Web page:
I can’t remember exactly why I bought this book. Surely it wasn’t just because there was a lion on the cover? I’d never heard of Russell Hoban, and knew nothing about the story; and yet here it is, on my shelf. It has turned out to be a thought-provoking, if somewhat mystifying read: the first half full of poignant comments on belonging, self-direction and the relationship between fathers and sons; the second half verging on hallucinogenic self-indulgence. Realising that it was first published in 1973, I wondered if parts might have made more sense if I’d been smoking something not entirely legal. And yet there’s one irresistible aspect: it’s inspired by the magnificent Lion Hunt reliefs at the British Museum.

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The Temptation to be Happy: Lorenzo Marone

★★★

I was tempted by this book because I thought it was going to be another heartwarming tale along the lines of The Secret Diary of Hendrik Groen or My Grandmother Sends Her Regards and Apologises, but in fact it was a little harder and more cynical than I was expecting. It’s the tale of Cesare Annunziata, a grumpy old man in Naples, who has lost his wife, alienated his children and failed to make the most of his life. When a young couple move into the flat next door, Cesare plans to remain just as detached and crabby as ever. But fate has other plans, and this miserable old sod finds that, quite against his will, he’s beginning to feel an emotional investment in his new neighbour Emma.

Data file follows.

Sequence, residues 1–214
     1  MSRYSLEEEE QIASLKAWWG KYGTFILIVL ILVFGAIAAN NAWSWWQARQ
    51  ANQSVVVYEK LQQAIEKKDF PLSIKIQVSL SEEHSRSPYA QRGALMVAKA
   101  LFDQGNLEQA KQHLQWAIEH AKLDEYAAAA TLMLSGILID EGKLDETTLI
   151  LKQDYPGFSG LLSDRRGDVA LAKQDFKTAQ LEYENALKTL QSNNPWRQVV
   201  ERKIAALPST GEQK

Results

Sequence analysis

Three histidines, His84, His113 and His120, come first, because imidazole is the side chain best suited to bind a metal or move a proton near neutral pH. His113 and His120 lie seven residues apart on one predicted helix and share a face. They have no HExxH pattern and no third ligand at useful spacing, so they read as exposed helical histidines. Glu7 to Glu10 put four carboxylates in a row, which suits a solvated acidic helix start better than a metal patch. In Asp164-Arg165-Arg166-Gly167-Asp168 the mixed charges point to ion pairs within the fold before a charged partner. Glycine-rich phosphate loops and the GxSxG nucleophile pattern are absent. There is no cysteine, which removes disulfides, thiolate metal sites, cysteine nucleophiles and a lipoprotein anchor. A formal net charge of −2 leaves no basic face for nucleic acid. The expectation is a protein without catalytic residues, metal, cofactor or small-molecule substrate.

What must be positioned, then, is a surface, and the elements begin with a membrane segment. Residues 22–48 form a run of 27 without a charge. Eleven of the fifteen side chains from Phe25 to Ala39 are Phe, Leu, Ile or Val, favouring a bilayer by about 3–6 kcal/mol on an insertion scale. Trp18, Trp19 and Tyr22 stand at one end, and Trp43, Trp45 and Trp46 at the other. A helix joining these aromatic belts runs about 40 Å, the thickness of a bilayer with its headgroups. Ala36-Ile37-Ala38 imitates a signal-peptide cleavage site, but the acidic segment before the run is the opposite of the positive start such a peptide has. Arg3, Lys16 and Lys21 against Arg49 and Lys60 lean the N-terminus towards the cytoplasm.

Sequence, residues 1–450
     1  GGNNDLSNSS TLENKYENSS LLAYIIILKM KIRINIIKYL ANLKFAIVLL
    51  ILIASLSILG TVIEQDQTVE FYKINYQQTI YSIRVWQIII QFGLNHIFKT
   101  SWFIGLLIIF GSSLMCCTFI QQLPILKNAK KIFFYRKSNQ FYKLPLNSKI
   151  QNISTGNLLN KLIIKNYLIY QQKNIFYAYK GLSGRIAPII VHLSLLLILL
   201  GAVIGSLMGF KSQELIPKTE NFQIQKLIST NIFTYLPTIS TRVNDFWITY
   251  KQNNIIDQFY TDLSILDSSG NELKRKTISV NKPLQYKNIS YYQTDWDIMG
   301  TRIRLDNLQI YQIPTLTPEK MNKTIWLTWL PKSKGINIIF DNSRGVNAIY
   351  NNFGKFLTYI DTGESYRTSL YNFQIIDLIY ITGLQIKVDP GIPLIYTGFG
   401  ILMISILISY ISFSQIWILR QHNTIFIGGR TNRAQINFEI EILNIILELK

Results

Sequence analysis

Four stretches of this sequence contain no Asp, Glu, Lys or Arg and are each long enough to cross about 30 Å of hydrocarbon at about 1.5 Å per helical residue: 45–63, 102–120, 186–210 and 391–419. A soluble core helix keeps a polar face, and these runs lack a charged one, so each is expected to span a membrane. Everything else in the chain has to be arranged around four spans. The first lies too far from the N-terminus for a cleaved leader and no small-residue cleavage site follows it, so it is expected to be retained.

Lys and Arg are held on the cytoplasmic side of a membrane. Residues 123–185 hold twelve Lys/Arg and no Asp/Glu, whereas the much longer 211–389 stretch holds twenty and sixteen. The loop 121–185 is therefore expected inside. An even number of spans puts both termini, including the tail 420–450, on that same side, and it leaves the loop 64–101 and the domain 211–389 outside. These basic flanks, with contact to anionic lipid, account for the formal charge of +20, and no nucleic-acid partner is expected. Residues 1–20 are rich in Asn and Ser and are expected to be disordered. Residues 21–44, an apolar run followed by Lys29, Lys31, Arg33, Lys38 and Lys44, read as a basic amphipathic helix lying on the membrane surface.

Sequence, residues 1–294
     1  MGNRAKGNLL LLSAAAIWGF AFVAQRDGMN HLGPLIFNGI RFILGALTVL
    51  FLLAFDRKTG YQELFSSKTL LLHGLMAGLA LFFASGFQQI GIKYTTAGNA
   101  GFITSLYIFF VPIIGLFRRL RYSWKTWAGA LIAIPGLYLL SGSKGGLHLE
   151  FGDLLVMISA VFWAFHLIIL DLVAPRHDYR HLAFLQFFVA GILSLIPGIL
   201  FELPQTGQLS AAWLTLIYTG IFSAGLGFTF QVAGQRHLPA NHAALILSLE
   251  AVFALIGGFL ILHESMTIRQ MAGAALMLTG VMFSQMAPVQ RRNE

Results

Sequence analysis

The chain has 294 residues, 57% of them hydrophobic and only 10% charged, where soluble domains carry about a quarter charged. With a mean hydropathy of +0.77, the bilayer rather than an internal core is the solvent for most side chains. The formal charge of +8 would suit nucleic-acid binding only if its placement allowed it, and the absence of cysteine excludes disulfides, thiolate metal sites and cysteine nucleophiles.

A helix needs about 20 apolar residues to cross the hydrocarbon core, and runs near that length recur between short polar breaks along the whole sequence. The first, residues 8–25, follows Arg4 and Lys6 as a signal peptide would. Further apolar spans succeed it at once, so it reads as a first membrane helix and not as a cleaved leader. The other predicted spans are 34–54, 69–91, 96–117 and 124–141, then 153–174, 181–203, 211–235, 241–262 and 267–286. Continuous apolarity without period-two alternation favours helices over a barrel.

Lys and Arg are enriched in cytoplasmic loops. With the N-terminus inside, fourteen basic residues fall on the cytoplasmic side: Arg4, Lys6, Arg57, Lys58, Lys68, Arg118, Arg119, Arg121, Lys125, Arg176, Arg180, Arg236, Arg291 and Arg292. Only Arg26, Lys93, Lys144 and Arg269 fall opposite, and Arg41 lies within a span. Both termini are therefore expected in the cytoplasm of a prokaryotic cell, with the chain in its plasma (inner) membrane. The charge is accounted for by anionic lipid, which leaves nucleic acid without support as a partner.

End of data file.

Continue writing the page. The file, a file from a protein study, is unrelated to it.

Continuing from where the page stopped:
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The Eight Mountains: Paolo Cognetti

★★★½

Mountains exert a powerful fascination on the modern mind. They offer freedom, escape, wilderness, the shrugging-off of civilisation. They promise an elemental battle between humanity and nature. And they hold out the prospect of possession: peaks to be claimed and conquered. In this restrained and elegant novel, Paolo Cognetti tells the story of Pietro, a young boy from Milan whose life will be shaped by a childhood friendship formed in the high valleys of the Italian Alps. A tale of obsession, of fathers and sons, of friendship and of belonging, this is a poignant glimpse of a fading world.

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Call Me By Your Name: André Aciman

★★★★½

First loves are powerful things. They haunt us for years and we can never quite shake off the memory of them, nor the deep ache they seem to cause. The film adaptation of this novel will be released tomorrow and is already causing critical waves, but I’m so glad I came to the book first. It is a poignant, intimate, irresistible story of a love affair which develops during an idyllic Italian summer between the precocious son of a college professor and his father’s visiting student. In one sense, it is a comfortable tale of beautiful, privileged people falling beautifully in love in beautiful surroundings; but in Aciman’s hands it becomes much more than that. Told in seventeen-year-old Elio’s pitch-perfect narrative voice, it’s a catalogue of human desires, flaws, hopes and lost dreams, so sumptuous that it leaves you aching with nostalgia and feeling drunk on beauty.